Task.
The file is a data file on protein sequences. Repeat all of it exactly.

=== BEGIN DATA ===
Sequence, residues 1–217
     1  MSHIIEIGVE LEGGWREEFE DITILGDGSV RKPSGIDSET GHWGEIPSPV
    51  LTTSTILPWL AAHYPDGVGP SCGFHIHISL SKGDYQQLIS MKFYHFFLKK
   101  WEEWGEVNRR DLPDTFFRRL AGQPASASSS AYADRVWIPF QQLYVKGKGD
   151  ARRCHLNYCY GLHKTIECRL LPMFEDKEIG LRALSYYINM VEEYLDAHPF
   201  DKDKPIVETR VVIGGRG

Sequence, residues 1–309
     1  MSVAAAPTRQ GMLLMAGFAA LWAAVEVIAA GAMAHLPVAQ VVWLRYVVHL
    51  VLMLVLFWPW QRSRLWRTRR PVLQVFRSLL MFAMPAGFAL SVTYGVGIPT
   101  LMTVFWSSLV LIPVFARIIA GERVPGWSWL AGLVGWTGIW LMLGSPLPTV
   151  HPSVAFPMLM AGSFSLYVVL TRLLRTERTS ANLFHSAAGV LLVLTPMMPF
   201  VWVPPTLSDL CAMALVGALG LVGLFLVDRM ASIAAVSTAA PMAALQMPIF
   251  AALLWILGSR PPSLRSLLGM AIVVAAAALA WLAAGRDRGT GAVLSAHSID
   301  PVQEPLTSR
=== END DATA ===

Sequence, residues 1–217
     1  MSHIIEIGVE LEGGWREEFE DITILGDGSV RKPSGIDSET GHWGEIPSPV
    51  LTTSTILPWL AAHYPDGVGP SCGFHIHISL SKGDYQQLIS MKFYHFFLKK
   101  WEEWGEVNRR DLPDTFFRRL AGQPASASSS AYADRVWIPF QQLYVKGKGD
   151  ARRCHLNYCY GLHKTIECRL LPMFEDKEIG LRALSYYINM VEEYLDAHPF
   201  DKDKPIVETR VVIGGRG

Sequence, residues 1–309
     1  MSVAAAPTRQ GMLLMAGFAA LWAAVEVIAA GAMAHLPVAQ VVWLRYVVHL
    51  VLMLVLFWPW QRSRLWRTRR PVLQVFRSLL MFAMPAGFAL SVTYGVGIPT
   101  LMTVFWSSLV LIPVFARIIA GERVPGWSWL AGLVGWTGIW LMLGSPLPTV
   151  HPSVAFPMLM AGSFSLYVVL TRLLRTERTS ANLFHSAAGV LLVLTPMMPF
   201  VWVPPTLSDL CAMALVGALG LVGLFLVDRM ASIAAVSTAA PMAALQMPIF
   251  AALLWILGSR PPSLRSLLGM AIVVAAAALA WLAAGRDRGT GAVLSAHSID
   301  PVQEPLTSR